In March, upper-level Marian University German students took part in a guided tour of the Indiana War Memorial in downtown Indianapolis.
Students learned about the reasons behind the building the memorial, which is the largest war memorial in the nation outside of Washington D.C. In addition to touring the museum, students visited the beautiful Pershing Auditorium and the breath-taking Shrine Room, a room designed following World War I to inspire the feeling of peace and citizenship.
The students are enrolled in GER 380: Germany’s Collective Memory in Literature, Film and Memorials, which investigates how Germany collectively remembers the World Wars, the Holocaust, and the fall of the Berlin Wall.
The tour of the museum and the memorial provided the students with a point of comparison as they look at depictions of the wars from both sides. The museum collection includes many German artifacts, ranging from weapons, to uniforms, to flags, to posters, to Hitler’s silver plate setting. One of the most unexpected and unique artifacts is a large bronze bust of Adolf Hitler that was spirited out the Reichstag in Berlin by soldiers from Indiana in 1945.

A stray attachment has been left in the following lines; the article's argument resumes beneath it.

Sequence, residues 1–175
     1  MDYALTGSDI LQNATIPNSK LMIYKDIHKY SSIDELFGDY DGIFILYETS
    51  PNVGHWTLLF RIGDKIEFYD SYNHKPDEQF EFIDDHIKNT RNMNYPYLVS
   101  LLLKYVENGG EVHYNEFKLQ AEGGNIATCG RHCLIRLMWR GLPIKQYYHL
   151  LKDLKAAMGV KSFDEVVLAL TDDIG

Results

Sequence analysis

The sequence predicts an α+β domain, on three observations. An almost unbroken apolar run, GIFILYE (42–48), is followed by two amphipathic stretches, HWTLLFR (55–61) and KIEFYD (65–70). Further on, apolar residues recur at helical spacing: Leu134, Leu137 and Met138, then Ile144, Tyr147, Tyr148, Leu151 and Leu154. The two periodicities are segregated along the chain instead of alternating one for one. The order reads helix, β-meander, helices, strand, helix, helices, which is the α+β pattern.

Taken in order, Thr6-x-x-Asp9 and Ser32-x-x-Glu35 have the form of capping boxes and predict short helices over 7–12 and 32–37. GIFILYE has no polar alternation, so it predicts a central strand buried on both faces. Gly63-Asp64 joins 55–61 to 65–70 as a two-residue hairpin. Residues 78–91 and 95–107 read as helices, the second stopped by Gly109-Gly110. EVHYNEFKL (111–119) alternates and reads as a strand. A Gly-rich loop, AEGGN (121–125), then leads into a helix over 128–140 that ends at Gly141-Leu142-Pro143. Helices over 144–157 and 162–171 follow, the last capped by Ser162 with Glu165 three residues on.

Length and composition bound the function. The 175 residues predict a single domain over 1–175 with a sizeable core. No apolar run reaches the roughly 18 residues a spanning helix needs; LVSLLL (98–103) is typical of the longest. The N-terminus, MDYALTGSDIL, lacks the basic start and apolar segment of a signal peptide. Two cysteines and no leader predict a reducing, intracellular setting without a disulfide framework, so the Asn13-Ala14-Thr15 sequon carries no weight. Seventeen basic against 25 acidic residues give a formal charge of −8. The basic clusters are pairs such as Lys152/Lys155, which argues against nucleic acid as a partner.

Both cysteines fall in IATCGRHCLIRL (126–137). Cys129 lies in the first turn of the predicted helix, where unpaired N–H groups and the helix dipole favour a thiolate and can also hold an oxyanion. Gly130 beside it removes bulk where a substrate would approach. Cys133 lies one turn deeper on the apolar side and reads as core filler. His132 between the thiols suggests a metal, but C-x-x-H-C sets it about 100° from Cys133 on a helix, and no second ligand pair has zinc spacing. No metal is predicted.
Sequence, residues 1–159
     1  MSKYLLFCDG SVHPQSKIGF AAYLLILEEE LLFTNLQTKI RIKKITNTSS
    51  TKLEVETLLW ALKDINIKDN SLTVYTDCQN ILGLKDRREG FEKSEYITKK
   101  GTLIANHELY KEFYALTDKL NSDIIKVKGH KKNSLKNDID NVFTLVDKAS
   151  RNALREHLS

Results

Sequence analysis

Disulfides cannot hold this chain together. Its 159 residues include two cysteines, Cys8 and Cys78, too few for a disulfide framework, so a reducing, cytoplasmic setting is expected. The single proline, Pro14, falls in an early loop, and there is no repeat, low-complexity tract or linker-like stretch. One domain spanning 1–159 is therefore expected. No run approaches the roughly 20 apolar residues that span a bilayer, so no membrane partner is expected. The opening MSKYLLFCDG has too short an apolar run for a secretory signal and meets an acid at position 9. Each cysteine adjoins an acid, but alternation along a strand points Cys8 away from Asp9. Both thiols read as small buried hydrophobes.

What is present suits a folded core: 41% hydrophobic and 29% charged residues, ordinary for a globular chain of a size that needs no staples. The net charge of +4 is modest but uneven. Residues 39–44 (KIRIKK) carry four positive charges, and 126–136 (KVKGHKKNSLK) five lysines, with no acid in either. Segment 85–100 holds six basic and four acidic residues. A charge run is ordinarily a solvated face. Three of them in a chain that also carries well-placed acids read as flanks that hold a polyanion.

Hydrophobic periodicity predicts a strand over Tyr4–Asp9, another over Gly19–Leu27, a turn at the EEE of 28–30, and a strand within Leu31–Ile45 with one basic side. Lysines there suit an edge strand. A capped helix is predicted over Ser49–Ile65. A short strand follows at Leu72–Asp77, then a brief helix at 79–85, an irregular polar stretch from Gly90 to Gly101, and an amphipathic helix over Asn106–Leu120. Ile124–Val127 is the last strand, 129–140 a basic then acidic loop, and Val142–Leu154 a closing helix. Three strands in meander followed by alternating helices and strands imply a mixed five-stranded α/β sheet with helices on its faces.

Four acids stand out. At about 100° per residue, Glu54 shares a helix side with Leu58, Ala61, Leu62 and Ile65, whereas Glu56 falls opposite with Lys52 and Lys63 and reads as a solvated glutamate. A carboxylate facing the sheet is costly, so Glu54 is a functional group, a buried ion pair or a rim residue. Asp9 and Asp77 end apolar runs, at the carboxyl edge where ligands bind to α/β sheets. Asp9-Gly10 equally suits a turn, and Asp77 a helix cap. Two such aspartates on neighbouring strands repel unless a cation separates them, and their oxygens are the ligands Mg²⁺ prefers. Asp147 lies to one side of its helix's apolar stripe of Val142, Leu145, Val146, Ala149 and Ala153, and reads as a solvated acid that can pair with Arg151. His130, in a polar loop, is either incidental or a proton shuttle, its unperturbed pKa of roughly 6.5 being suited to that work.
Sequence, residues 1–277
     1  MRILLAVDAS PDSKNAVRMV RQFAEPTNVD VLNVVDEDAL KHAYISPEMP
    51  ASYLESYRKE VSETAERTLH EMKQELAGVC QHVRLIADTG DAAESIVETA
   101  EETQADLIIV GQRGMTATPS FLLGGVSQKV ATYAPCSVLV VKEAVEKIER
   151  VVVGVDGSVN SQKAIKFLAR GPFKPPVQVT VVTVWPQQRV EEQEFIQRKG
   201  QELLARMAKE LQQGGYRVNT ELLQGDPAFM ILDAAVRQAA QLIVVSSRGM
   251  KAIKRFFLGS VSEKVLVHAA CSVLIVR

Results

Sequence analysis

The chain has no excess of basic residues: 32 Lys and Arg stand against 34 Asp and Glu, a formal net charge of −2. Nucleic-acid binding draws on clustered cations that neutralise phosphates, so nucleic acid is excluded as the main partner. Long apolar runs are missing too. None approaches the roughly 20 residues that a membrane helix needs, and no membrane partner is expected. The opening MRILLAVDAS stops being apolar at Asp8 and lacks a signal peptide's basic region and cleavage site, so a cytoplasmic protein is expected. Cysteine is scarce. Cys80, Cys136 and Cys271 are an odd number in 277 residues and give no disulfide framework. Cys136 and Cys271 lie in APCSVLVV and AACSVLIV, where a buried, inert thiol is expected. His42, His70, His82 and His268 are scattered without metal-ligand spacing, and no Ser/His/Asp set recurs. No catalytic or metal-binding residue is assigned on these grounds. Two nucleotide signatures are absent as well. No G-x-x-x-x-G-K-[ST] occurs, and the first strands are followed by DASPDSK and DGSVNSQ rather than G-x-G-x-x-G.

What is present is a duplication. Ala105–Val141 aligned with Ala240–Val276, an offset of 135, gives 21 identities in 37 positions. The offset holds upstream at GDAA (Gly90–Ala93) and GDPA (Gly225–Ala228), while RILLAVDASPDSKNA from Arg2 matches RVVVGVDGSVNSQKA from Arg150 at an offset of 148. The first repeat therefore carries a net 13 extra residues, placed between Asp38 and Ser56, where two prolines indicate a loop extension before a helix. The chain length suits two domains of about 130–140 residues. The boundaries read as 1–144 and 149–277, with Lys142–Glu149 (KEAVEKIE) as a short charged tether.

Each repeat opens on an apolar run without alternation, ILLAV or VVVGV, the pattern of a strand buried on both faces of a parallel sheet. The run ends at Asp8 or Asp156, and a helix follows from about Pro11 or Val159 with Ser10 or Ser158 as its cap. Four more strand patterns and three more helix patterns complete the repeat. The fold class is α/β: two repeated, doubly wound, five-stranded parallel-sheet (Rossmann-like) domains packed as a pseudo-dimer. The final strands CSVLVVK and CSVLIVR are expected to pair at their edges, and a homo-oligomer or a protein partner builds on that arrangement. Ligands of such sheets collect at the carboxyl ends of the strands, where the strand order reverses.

“I am continually surprised by the unexpected treasures Indiana has," said Wendy Westphal, Ph.D., assistant professor of German and organizer of the trip. "The Indiana War Memorial is just one of many!”